Developers today are pretty much spoiled for choice when it comes to tools that help develop UI components. It’s almost as if the entire enterprise just collectively concluded that it is, in fact, the destination and not the journey that counts. At the end of the day, end-user experience trumps all, and if your priority is ensuring that their experience is exactly as you intend it to be, everything else falls in line behind that intention.
This shift in focus comes from a new kind of testing called visual testing, which focuses solely on what is being displayed to the viewer. These tests allow developers to ensure ideal viewing conditions across all permutations of devices and software without having to worry about visual bugs slipping through functionality tests. Not unlike the way a police team performs a grid search in a swamp by combing through each and every inch of it, these tests basically hold each and every pixel on the user’s screen accountable to a screenshot.
In addition to this shift in focus towards “end-result” (as opposed to the traditional “step-by-step” approach), another important trend in the enterprise is abstraction. Just as it’s easier to bake a cake in layers and then put it together, the enterprise has figured out that problems are easier to solve when they’re isolated. This is probably why Storybook is one of the most popular UI development tools right now.
Storybook is an environment that allows developers to build view-layer components in isolation.
While many people call it React Storybook, you can actually use it with Vue, Angular, or a number of other supported view-layer frameworks. One of the key benefits of Storybook is that it runs outside the main application, so developers can create UI components for different devices and operating systems without having to deal with or manage app-specific dependencies.
Choose your own adventure
Storybook is based on a concept similar to that found in books you may have read as a child, where you could pick a different path and reach a different ending each time. Users all behave differently, and accounting for every possible action along with the accompanying on-screen implications is quite a heavy task. That’s why it’s important to maintain some sort of order in the form of a decision tree.
Storybook does this by maintaining a library with all of the UI components in one place so that every possible state of each component can be tested and recorded separately. Each test result is then regarded as a Story, which is the smallest unit in a Storybook. Each Story can only contain one state of a given component, and it’s only when you put all of the different states of all of the different components together that you get the full Storybook.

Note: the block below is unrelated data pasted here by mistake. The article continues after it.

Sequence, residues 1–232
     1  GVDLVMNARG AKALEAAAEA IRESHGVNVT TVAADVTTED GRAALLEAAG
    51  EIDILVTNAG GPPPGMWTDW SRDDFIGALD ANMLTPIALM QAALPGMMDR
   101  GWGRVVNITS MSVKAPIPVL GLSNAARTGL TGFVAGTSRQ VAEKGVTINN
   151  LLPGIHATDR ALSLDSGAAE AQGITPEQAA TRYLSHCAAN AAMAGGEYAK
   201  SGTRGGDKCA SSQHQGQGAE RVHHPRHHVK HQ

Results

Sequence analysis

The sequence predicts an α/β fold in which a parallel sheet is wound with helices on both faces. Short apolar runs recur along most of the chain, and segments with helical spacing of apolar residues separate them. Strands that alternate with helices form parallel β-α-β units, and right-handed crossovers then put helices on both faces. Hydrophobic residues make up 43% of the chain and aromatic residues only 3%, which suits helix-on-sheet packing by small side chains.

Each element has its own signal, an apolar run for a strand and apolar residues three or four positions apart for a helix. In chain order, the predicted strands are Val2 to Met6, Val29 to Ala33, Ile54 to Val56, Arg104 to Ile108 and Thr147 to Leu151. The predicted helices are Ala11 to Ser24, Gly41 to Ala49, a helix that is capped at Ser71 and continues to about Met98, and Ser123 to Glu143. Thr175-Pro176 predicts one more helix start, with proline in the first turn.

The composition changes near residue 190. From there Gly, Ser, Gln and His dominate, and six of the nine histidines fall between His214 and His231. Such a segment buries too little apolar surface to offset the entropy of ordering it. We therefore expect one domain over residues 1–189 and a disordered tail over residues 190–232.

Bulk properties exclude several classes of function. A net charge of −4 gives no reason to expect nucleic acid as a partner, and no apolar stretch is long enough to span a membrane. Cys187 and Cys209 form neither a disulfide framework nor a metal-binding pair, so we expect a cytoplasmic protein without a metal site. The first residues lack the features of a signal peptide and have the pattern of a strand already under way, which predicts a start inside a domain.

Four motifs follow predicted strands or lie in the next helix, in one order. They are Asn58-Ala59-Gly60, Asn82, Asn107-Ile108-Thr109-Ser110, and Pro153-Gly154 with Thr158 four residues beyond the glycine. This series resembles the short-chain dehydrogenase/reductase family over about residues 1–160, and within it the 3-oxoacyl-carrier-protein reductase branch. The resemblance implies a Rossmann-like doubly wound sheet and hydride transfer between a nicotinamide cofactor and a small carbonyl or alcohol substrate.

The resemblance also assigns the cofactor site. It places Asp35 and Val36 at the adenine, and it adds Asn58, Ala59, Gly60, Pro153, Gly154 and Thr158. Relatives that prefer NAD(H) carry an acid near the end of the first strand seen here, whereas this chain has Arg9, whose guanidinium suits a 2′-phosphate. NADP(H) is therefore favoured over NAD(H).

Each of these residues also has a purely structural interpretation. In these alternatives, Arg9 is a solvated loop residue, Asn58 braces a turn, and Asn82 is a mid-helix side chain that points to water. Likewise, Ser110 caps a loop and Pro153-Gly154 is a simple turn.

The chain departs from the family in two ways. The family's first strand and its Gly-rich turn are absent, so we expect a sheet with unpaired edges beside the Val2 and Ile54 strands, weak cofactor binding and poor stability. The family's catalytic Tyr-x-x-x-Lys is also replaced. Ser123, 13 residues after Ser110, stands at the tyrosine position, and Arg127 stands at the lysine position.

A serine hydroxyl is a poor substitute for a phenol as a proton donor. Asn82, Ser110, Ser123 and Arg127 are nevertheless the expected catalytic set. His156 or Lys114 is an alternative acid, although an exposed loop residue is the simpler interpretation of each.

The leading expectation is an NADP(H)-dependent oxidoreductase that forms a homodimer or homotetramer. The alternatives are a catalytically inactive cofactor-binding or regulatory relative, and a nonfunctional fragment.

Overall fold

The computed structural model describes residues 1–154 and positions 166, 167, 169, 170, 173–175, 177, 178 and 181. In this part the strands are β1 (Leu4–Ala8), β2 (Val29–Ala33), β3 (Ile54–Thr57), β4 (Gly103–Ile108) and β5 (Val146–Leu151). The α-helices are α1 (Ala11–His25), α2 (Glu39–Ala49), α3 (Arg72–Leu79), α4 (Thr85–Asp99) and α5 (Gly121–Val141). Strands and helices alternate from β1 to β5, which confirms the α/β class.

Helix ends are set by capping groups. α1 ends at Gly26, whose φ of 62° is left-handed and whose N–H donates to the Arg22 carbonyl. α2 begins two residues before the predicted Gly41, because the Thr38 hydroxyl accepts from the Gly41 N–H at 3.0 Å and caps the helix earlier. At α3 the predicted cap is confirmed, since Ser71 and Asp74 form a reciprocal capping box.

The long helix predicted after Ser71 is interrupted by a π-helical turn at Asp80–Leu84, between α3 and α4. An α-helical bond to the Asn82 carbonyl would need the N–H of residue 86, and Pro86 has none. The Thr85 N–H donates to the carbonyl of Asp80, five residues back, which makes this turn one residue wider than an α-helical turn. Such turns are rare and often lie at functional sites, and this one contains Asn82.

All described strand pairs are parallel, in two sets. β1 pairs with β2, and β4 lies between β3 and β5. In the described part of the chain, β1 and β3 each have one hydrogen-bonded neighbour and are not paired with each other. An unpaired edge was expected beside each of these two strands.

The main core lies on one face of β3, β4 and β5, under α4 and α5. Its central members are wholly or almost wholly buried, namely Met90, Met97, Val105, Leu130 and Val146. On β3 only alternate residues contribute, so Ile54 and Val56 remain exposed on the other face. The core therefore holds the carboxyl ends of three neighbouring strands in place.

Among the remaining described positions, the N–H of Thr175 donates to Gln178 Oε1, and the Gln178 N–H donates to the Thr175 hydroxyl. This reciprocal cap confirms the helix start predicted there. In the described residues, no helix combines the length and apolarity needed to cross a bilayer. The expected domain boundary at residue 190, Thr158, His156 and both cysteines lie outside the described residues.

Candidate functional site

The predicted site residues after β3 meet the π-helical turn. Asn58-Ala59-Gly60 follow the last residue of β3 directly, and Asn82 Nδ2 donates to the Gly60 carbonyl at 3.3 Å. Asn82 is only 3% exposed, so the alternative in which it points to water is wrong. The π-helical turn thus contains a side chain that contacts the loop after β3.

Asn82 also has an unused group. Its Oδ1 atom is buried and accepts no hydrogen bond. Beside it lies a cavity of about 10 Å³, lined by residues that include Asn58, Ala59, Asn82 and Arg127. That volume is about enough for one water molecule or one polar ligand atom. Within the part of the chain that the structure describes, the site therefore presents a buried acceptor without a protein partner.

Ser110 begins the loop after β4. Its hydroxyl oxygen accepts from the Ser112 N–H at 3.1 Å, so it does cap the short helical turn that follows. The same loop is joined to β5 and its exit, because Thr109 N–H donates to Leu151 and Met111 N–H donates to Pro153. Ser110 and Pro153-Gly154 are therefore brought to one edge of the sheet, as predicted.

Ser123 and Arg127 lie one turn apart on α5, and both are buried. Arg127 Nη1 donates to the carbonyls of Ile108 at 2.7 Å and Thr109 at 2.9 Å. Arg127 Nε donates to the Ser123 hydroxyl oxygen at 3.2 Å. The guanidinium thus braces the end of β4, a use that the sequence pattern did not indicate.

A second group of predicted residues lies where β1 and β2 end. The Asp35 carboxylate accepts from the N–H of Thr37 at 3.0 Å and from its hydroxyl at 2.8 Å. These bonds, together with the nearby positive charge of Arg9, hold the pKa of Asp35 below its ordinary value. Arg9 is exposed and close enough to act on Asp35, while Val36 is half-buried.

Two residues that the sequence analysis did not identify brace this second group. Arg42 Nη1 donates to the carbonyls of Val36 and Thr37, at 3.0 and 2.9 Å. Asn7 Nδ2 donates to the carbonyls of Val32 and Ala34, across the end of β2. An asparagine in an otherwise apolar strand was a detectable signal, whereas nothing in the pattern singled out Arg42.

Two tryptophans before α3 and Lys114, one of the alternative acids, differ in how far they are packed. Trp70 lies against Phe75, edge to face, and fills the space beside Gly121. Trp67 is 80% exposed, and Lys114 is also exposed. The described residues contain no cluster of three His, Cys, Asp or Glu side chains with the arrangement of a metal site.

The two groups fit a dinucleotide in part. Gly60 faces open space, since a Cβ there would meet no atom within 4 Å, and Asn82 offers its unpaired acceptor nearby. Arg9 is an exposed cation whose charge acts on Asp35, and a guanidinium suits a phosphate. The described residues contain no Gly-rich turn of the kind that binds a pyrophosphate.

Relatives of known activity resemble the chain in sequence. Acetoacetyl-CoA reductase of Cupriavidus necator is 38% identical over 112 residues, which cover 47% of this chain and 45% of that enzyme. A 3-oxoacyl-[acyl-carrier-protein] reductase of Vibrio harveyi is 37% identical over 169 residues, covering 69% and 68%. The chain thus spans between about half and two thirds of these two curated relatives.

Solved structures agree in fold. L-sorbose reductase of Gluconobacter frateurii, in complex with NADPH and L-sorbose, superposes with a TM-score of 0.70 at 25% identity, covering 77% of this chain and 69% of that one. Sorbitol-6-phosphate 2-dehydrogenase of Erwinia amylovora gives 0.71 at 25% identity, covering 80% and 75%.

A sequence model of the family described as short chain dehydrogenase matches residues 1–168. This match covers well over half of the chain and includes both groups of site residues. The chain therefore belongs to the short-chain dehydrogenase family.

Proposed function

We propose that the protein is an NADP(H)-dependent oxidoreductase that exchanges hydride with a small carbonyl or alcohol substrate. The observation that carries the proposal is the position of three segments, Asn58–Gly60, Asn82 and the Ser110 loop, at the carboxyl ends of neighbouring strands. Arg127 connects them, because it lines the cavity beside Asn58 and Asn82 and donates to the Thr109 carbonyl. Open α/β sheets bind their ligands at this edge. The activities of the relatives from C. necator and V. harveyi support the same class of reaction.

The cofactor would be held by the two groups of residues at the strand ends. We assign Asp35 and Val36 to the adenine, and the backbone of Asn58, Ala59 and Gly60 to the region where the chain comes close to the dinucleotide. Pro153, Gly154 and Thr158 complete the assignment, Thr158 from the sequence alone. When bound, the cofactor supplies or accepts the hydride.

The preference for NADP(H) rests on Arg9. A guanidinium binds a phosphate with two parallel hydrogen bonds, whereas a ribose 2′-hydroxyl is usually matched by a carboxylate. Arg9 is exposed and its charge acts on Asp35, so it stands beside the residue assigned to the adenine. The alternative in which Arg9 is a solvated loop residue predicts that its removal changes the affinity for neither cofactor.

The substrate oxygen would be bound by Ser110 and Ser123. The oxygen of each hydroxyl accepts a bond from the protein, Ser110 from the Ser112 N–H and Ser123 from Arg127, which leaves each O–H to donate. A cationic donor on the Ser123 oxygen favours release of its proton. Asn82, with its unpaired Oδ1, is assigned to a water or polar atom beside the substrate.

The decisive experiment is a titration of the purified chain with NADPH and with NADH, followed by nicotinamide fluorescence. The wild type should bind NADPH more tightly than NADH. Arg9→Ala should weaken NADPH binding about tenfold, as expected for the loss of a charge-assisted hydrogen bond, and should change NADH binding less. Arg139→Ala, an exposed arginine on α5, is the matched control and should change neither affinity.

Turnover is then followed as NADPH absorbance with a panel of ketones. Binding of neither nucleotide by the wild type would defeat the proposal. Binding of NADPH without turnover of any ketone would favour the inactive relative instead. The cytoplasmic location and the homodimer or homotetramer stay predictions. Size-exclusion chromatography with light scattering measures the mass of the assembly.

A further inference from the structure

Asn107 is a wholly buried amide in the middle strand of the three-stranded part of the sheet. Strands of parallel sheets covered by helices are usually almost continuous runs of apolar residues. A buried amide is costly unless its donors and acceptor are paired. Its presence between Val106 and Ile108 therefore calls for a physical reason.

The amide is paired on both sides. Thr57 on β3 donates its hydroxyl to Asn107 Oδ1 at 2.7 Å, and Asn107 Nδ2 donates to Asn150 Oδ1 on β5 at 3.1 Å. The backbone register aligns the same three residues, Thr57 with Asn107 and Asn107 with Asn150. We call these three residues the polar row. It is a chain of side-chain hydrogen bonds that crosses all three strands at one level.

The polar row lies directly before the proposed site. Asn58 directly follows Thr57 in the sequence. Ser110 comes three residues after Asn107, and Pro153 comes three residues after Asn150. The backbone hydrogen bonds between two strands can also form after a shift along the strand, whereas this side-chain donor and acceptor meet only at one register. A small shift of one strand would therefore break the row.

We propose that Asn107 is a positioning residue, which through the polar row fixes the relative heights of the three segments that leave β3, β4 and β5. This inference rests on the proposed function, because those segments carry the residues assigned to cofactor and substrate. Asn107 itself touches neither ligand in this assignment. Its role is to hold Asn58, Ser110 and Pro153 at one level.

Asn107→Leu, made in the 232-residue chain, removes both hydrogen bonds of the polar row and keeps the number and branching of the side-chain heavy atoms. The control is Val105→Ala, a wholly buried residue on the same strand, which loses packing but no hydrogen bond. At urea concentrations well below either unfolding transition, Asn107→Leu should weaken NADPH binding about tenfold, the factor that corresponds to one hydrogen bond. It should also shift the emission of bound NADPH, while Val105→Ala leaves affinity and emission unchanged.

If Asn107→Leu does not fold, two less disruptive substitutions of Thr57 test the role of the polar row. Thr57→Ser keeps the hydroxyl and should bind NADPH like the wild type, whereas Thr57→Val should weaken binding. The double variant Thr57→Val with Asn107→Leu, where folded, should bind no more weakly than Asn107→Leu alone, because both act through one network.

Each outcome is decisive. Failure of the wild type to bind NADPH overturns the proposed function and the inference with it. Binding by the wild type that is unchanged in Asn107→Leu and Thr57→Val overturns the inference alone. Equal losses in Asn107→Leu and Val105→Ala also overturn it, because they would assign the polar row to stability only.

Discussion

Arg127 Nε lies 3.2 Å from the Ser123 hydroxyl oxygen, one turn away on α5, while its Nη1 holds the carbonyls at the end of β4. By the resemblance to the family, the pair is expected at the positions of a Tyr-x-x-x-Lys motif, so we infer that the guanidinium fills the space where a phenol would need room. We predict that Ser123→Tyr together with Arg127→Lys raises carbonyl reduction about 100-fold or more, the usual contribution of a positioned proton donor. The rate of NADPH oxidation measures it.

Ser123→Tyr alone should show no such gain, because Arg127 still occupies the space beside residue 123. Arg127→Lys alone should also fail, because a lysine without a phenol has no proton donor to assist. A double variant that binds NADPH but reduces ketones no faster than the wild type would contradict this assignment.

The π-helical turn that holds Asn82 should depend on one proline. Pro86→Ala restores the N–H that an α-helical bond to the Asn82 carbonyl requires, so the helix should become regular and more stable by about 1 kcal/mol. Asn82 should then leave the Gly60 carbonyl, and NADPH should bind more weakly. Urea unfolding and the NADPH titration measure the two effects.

Seeing is believing
Visual testing, or visual regression testing as some call it, is a foolproof way to make sure that your UI is exactly what you intend it to be across devices, screen sizes, and operating systems. This isn’t done by Storybook itself, since it is more of a developers’ environment than a tool for visual testing; rather, the actual tests are conducted by an add-on called Storyshots. Storyshots is an integration between Storybook and Jest Snapshot Testing.
Storyshots works by first taking all of the existing stories and converting them to snapshots (or screenshots) to keep on file. These screenshots refer back to the desired structure of the UI components, so every time any UI changes are made, new screenshots are taken to compare with the ones on file. If the tests fail for any reason, the developer has the option of either altering the original desired state or getting to the bottom of whatever is causing the irregularity.
The reason that visual testing is gaining such popularity is that all other tests have basically failed with regards to UI components. There are a few reasons for this (in addition to screen size complications), not least because it’s just really hard to measure UI components in terms of code. This is because every graphics card does the code-to-pixel conversion a little differently, and while it may look the same to a human, it’s night and day to a machine.
This brings us to one of the common problems with visual testing, which is the fact that even minor irregularities which don’t really affect the viewability of a page can cause visual regression tests to fail. This makes it necessary to always have a human involved so that judgment calls can be made as to how much deviation is acceptable. You can set fault tolerance parameters to allow for a certain degree of regression, but UI components aren’t exactly “parameter” friendly.
Storybook integrates well with a number of tools to automate visual testing. These tools use heuristics to both comprehend and ignore minor deviations in pixels that don’t affect the user experience.
In conclusion, as opposed to more traditional style guides where code has to be maintained in two places, Storybook lets you do it all in one place, which is why it’s often described with adjectives like “living” or “interactive.” This is because Storybook uses production code and live configuration to create, enable, configure, and test UIs in isolation. When you take into account the versatility that comes with the abstraction and integration that Storybook offers, it’s difficult to find a competitor that’s both as user-friendly and as developer-centric.
Twain is a Fixate IO Contributor and began his career at Google, where, among other things, he was involved in technical support for the AdWords team. His work involved reviewing stack traces, and resolving issues affecting both customers and the Support team, and handling escalations. Later, he built branded social media applications, and automation scripts to help startups better manage their marketing operations. Today, as a technology journalist he helps IT magazines, and startups change the way teams build and ship applications.